Abstract 4684: Differences in Baseline Features and Long Term Follow-Up Post-Transcatheter Closure in Patients with Secundum Atrial Septal Defect - A Cohort Study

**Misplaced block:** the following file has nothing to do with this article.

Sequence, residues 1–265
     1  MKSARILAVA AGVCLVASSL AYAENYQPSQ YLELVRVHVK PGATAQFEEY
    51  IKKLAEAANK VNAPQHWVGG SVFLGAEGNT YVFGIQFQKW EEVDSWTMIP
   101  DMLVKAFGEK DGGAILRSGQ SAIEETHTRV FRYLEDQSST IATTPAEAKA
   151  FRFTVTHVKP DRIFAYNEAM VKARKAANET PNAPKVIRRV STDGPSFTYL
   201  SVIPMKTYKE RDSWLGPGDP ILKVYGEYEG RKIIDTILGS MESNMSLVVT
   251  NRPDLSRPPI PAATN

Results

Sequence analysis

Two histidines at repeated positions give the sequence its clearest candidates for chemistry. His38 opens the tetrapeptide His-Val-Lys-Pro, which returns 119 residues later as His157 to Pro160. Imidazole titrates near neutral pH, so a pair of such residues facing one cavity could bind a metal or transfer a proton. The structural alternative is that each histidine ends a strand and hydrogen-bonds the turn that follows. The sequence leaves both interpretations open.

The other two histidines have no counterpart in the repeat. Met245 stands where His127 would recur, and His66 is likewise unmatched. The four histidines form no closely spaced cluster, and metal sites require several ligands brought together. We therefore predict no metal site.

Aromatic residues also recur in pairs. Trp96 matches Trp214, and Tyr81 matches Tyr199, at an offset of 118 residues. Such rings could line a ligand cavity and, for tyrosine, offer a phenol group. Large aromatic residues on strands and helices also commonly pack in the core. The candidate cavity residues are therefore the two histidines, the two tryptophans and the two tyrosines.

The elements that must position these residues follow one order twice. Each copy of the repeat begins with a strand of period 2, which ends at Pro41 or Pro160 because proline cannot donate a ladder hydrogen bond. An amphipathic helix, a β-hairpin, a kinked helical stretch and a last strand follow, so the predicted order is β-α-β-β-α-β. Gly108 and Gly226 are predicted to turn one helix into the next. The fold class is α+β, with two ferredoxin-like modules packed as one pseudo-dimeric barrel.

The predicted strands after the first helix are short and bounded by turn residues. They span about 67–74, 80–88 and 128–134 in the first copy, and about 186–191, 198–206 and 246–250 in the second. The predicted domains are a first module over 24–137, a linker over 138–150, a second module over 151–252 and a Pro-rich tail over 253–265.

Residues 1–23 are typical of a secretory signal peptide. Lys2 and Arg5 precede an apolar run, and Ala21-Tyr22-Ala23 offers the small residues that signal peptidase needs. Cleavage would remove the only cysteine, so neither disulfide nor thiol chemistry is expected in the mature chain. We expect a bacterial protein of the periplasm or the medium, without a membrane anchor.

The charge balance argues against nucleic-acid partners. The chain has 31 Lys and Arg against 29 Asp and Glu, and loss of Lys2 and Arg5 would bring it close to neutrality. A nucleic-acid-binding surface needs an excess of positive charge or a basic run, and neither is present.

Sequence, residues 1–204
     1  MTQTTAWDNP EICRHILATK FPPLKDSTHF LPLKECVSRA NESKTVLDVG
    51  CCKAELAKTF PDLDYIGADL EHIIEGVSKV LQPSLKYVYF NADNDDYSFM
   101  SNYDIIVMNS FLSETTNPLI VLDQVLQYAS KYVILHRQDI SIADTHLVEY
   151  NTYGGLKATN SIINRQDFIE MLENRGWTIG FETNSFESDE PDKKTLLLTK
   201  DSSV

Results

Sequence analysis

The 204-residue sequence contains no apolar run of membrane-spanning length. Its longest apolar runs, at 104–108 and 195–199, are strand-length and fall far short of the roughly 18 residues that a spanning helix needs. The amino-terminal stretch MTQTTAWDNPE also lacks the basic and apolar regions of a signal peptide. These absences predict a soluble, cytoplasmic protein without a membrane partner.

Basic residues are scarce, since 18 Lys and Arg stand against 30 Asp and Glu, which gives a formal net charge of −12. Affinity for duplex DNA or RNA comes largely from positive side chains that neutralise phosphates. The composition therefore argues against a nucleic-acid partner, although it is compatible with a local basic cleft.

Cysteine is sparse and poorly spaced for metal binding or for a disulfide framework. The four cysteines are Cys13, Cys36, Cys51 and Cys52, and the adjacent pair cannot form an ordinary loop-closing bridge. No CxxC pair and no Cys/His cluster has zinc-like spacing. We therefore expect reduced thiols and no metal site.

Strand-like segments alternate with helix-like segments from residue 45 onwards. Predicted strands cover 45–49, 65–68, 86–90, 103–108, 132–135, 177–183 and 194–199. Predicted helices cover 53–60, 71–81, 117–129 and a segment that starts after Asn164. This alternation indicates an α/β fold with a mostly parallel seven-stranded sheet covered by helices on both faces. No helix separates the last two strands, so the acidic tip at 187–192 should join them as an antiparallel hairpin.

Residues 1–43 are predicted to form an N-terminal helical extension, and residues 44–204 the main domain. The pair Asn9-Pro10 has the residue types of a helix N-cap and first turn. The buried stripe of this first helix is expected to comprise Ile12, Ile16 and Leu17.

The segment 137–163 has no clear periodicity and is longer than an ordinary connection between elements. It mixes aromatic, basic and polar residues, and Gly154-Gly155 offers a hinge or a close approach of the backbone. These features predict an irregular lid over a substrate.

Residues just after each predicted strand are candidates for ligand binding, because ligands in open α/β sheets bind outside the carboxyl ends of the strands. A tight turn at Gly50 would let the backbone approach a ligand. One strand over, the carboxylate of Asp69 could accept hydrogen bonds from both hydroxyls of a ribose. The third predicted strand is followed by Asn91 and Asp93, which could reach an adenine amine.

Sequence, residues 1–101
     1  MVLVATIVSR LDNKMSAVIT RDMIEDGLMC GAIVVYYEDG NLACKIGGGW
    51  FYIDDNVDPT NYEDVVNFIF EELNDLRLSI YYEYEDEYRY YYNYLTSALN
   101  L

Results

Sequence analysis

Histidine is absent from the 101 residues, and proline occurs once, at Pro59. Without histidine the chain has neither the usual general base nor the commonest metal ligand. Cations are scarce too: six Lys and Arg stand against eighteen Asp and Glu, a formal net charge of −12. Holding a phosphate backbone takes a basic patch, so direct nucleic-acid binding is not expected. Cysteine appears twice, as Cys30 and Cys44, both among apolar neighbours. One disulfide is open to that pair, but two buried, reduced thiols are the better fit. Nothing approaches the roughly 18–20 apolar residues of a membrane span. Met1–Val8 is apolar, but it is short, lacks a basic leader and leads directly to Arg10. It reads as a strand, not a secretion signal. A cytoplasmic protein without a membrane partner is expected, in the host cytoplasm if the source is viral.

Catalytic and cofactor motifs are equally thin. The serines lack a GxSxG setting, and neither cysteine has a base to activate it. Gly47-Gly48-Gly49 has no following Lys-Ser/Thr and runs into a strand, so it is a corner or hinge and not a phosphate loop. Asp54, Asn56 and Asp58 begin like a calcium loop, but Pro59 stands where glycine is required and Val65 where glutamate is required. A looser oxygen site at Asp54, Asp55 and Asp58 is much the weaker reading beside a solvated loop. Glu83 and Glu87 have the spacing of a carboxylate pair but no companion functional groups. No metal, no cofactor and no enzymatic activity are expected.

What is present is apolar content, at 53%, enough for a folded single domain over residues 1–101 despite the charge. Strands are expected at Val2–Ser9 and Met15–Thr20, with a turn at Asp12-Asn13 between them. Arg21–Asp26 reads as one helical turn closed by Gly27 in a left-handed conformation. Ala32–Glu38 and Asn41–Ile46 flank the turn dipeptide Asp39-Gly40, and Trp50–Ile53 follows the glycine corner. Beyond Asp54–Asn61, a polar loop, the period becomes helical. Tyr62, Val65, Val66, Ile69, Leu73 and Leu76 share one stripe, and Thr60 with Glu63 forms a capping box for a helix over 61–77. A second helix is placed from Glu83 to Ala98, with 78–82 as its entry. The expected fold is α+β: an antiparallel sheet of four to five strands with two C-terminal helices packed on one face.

Patients with atrial septal defects (ASD) may develop pulmonary arterial hypertension (PAH). We aimed to explore predictors of PAH and characterize the evolution of pulmonary arterial systolic pressures (PASP) after transcatheter ASD closure. A cohort study was performed on 215 consecutive patients who underwent attempted transcatheter ASD closure, of which 194 were successful. Patients were classified into 4 groups based on PAH severity derived from baseline echocardiographic PASP estimates: no PAH (<40mmHg; Group I, n=107), mild PAH (40 –50mmHg; Group 2, n=62), moderate PAH (50 – 60mmHg; Group 3, n=27), and severe PAH (≥60mmHg; Group 4, n=19). Follow-up echocardiography was performed at a median of 10 months (IQR 3, 25 months). Independent predictors of moderate or severe baseline PAH were older age (OR 1.10 per year, p<0.0001), larger ASD size (OR 1.13 per mm, p=0.0052), female gender (OR 3.9, p=0.0313) and moderate or severe tricuspid regurgitation (OR 3.6, p=0.0043). Post closure, baseline PAH severity was associated with a greater likelihood of a ≥5mmHg reduction in PASP (33.7%, 73.9%, 79.2%, 100.0%, in Groups 1 to 4, p <0.0001) and larger reduction in PASP (median reduction 0, 8, 17, 22 mmHg in Groups 1 to 4, p<0.0001). However, likelihood of normalization of PASP (<40mmHg) was inversely correlated with baseline PAH severity (90.2%, 71.7%, 66.7%, 23.5% for Groups 1 to 4, p<0.0001). Higher baseline PASP (OR 1.20 per mmHg, p<0.0001), younger age (OR 0.97, p=0.0202), and smaller body surface area (OR 0.13 per m2, p=0.0210) independently predicted a ≥5mmHg reduction in PASP. Among patients with moderate or severe baseline PAH, normalization of PASP occurred in 48.8%, and was independently predicted by a lower baseline PASP (OR 0.91 per mmHg, p=0.0418) and absence of moderate or severe tricuspid regurgitation preceding ASD closure (OR 0.139, p=0.0420). In patients with ASD, severity of PAH is modulated by age, gender, defect size, and presence of moderate or severe tricuspid regurgitation. Patients with moderate or severe PAH benefit from a substantial reduction in PASP post-transcatheter ASD closure, but PASP remains elevated in a sizeable proportion of patients, warranting close long-term follow-up.